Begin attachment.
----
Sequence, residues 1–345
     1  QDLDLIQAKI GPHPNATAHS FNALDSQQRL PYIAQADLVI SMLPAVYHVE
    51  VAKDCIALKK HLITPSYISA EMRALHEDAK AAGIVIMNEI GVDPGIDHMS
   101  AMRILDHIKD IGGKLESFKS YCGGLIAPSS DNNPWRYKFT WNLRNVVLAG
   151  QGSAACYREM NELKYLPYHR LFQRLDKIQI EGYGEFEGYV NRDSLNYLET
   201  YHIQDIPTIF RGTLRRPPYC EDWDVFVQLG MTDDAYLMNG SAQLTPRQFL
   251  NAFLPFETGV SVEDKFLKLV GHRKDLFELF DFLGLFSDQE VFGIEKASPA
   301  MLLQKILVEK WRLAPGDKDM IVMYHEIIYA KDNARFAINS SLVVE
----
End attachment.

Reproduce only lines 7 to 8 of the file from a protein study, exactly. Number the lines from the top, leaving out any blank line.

   251  NAFLPFETGV SVEDKFLKLV GHRKDLFELF DFLGLFSDQE VFGIEKASPA
   301  MLLQKILVEK WRLAPGDKDM IVMYHEIIYA KDNARFAINS SLVVE